However, in 2013 the incoming President Rouhani signalled a more moderate and conciliatory approach. After two years of intense negotiations between Iran and the five permanent members of the UN Security Council plus Germany and the EU, the Joint Comprehensive Protocol of Action (JCPOA) was signed in Jul-2015.

This agreement defined the limits of Iran’s nuclear programme and the framework for inspections, in exchange for the lifting of nuclear-related sanctions. On 16-Jan-2016, after the International Atomic Energy Agency had verified that Iran had complied with its obligations under the JCPOA, nuclear-related sanctions were dismantled.

Iran’s economy exhibits strong fundamentals

Iran has huge pent-up demand and potential after almost 40 years of isolation from the international community. With a population of close to 80 million people and a middle-income average per capita GDP of around USD16,000 on a PPP basis, this is a market of great significance. Compared with the economy of Myanmar – which was the previous ‘new market’ to come in from the cold – Iran’s economy is almost five times larger.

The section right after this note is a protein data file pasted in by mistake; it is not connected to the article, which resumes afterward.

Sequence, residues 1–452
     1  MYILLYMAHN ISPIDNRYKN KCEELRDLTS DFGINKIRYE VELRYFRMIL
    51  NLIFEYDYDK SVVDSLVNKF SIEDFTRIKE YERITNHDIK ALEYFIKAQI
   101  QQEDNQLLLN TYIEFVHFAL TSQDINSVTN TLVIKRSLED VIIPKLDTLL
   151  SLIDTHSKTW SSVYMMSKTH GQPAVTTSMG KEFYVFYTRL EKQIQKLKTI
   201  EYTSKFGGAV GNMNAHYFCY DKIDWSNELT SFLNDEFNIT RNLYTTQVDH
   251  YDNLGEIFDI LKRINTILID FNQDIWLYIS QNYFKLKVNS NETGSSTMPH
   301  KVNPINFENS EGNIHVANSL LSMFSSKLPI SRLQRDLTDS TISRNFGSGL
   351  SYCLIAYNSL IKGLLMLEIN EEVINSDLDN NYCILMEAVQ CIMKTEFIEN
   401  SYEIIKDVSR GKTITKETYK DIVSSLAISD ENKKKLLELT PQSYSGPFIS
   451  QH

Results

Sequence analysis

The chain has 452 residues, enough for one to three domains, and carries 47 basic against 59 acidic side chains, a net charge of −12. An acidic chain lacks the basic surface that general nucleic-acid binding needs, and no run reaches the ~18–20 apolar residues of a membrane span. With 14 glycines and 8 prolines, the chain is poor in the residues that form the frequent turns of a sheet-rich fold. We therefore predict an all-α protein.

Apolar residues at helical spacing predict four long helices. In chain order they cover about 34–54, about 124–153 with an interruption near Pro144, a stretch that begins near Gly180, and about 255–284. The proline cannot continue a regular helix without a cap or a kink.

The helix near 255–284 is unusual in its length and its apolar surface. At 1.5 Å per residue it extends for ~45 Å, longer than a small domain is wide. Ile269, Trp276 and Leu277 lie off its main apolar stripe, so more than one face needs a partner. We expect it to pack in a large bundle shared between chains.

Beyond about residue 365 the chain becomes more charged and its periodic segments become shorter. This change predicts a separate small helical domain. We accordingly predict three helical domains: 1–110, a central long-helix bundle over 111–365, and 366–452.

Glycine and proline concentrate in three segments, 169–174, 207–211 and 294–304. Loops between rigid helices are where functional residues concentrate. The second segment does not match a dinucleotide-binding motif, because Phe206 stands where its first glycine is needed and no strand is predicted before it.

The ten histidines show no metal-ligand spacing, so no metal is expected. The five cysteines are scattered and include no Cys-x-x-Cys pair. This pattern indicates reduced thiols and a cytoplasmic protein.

At close to USD1.4 trillion on a PPP basis (IMF 2015), Iran’s economy is larger than Australia‘s and approaches those of Turkey and Spain. The country has a young population with a median age of 28 years, which is active on the internet and social media (despite restrictions), having strong aspirations to travel and engage with the rest of the world.

But sanctions have left their aviation market weak

Decades of sanctions have had a significant negative impact on Iran’s aviation sector, which is underdeveloped relative to comparable markets. For example, the economies of Turkey and Spain are 15-20% larger than Iran’s, but their fleet sizes are 100-200% greater.

And this is not simply a function of their large inbound tourism flows, as there is a similar variation in the number of domestic seats per capita.